Hyderabad students build an IoT-based guard to stop fuel theft from heavy vehicles
Trucks and lorries have to travel long distances. According to media reports, the average distance covered by a truck in India is 150 kilometres per day. Unsurprisingly, drivers need to park their vehicles on highways to either get some sleep or freshen up. It is during these breaks that most number of fuel theft take place. In the cloak of darkness, it is easier for thieves to access the fuel tanks and steal.
To prevent fuel theft from these large vehicles, six students from CVR College of Engineering, Hyderabad developed a ‘fuel tank guard’.
At the third edition of Smart India Hackathon, these fourth-year students from the Electronic and Communications Department, received a problem statement – to protect fuel theft from trucks and Heavy Earth Moving Machinery (HEMM).
Team Enigma 99, comprising Rohan Vamshi G, Robin Wilson, K Santhosh Kumar, Rohit Patil, A Sahithi, and T Rasagna, is a group of friends who have been together since their first year at college. Before this hackathon, the six had already worked on several projects together. In fact, they are now building an electric bicycle.
“When we received the problem statement last December, we instantly connected with it,” says Rohan, the team leader.
The students spoke to various truck owners and drivers to understand the possible ways to break in and steal fuel from tanks - inserting a pipe through the cap and sucking the fuel out, digging holes in the fuel tank, and travel agencies who take a challan for higher quantity of oil from petrol pumps.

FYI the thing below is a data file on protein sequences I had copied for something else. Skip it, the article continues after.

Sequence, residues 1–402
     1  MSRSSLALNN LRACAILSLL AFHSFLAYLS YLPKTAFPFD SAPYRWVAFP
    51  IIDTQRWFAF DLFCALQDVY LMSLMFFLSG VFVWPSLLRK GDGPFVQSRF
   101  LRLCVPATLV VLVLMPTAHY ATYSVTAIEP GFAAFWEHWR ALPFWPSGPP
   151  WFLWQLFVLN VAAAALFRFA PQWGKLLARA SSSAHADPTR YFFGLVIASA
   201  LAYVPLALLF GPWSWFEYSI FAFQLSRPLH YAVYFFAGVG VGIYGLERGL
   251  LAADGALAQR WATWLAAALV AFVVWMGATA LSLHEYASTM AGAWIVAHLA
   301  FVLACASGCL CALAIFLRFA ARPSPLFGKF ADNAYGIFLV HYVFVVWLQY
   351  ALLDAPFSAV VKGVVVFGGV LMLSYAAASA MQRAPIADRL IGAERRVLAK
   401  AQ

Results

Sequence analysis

Then, Team Enigma 99 built an Internet of Things (IoT) based fuel tank guard that can monitor fuel theft. In-built sensor in the trucks records the value of the float valve. However, that value is not always accurate or absolute. For that, the team has built a device with industry-grade sensors and a three levelled aluminium structure that one has to break through to open a tank. This device is attached to the mouth of the tank.
“Every time there is movement near the metal structure or when someone tries to open the oil tank, a buzzer will go off and the truck or HEMM owner will be notified through SMS or a call,” Rohan says.
While there are other anti-fuel theft devices available in the market, Rohan says that their USP lies in the fact that their device is low-cost, easy to implement, and suitable for both new and old vehicles.
“It was challenging to calibrate the floating sensor in the moving vehicle but we have worked around it,” he adds.
The in-built sensor of a truck gives only the basic values of fuel levels and is not accurate. The team programmed their sensor to give accurate results. Team Enigma 99 plans to price its product at Rs 1,500 and sell it to agencies managing trucks and HEMMs.
“We are ready with the MVP but are still working around the business model,” Rohan says.
In fact, the six want to start up after graduation and have this fuel tank guard as their first product.
Because of their solution, Team Enigma 99 were announced as one of the finalists of SIH 2019 – Hardware edition, and won Rs 1 lakh cash prize.
The present government under Narendra Modi has been trying to build a strong spirit of innovation among young minds, especially students. To further this initiative, the government started Smart India Hackathon (SIH) in 2017 and recently concluded its third chapter successfully.
YourStory brings to you some amazing young minds who have taken up the challenge to solve some of the country's problem.
(Edited by Saheli Sen Gupta)